Another approach is to use lenses to image a bar pattern, or pattern of sinusoidally varying translucence, onto the array, and measure its response. The response provides one point of the MTF, i.e. that of the spatial frequency corresponding to that of the bar or sinusoidally varying pattern. One generates the entire MTF by repeating this measurement for all spatial frequencies of interest. Unfortunately, the fidelity of this measurement is again compromised by the lenses' effects and the finite extent of the image produced, by the lenses limited depth of focus, as well as by the limits with which one can accurately produce bar or sinusoidally varying patterns in the first place, particularly at higher spatial frequencies.

SUMMARY OF THE INVENTION

Accordingly, an object of the invention is to characterize the optical response of objects more accurately, in particular to measure the Modulation transfer function of such objects more accurately.

Another object is to perform such a characterization without lenses, or sharp optical boundaries, which would have optical energy at other spatial frequencies.

Another object is to perform such a characterization with optical images which have a large depth of focus, large area of extent, and whose quality is uniform over a large volume.

Another object is to perform such a characterization without the need for projecting prefabricated patterns, such as bar patterns or sinusoidally varying negatives.

Another object is to perform such a characterization with an apparatus which permits one to switch quickly, easily, and controllably from one spatial frequency to another.

In accordance with these and other objects made apparent hereinafter, the invention concerns an apparatus and method for optically testing an object, such as an array of photosensitive elements. In accordance with the invention, one provides a first and second beam of light which are non-mutually incoherent with respect to one another (i.e. will form an interference fringe pattern with one another), interferes the beams to form a sinusoidally varying interference fringe pattern on the object, of a preselected spatial frequency, and determines the optical response of the object to the fringe pattern. One then knows the response of the object to the spatial frequency of the interference fringe. One can then repeat this sequence for other spatial frequencies, generating if one wishes the entire Modulation Transfer Function of the object.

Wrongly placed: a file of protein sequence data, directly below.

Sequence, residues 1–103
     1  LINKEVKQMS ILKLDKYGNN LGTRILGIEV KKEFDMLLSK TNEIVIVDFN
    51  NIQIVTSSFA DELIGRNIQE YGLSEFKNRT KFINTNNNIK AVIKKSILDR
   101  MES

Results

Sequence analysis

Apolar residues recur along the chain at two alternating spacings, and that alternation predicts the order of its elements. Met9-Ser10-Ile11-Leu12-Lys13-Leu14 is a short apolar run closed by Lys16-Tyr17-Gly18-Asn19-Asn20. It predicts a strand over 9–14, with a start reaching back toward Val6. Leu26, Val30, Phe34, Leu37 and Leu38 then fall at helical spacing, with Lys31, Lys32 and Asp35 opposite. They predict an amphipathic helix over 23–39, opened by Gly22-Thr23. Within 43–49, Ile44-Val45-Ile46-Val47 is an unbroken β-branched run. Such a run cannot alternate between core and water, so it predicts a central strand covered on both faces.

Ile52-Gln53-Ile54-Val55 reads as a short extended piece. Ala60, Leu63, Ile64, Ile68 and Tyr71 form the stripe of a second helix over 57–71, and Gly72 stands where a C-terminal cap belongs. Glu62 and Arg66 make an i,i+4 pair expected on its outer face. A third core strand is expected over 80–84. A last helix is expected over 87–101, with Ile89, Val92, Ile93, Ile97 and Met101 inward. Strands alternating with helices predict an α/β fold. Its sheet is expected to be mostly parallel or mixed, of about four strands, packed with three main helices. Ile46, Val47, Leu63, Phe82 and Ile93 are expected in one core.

Because the invention uses an interference pattern as the optical input to the object, it need not use prefabricated patterns or the lenses needed to focus them onto the object, and hence avoids the inaccuracies created by this sort of optics. Unlike images created by lensing, the interference pattern has a large depth of focus and lateral extent, yielding a large volume in which one can place the object with assurance that it will be irradiated by a highly a uniform pattern. This ensures that variations between object input and output will be due to the object, and not the optics of the testing system.

In a preferred embodiment, one detects the response of the object to both beams separately illuminating the object, and the response with both beams illuminating it together. These responses are used to calculate the coherence function of the beams with respect to one another, which will be a function of spatial frequency. By taking the Fourier transform of the coherence function, one gets the amplitude of the object's response at the spatial frequency defined by the interference fringe produced by the two beams. This constitutes one point of the Modulation Transfer Function. Repeating this sequence at other spatial frequencies permits one to generate the entire transfer function.

In another preferred embodiment, rotatable mirrors are used to project the two beams onto the object. By rotating the beams with respect to one another, one can quickly and controllably change the spatial frequency of the interference pattern.

Many aspects of the invention are addressed in a set of in viewgraphs by the inventors from the I.E.E.E. CCD Workshop Waterloo, Ontario, June, 1991, and the paper by the inventors, An MTF Measurement Technique for Small Pixel Detectors, which has been submitted for publication in Applied Optics, Optical Technology. A copy of the viewgraphs and paper are filed along with this application, and the viewgraphs and paper are incorporated herein by reference.

The invention is further understood from the following detailed description of particular embodiments of the invention. It is understood, however, that the invention is capable of extended application beyond the precise details of these embodiments. Changes and modifications can be made to the embodiments that do not affect the spirit of the invention, nor exceed its scope, as expressed in the appended claims. The embodiments are described with particular reference to the accompanying drawings, wherein:

BRIEF DESCRIPTION OF THE DRAWINGS

The drawing figure is a schematic illustrating the operation of a preferred apparatus for practicing the invention.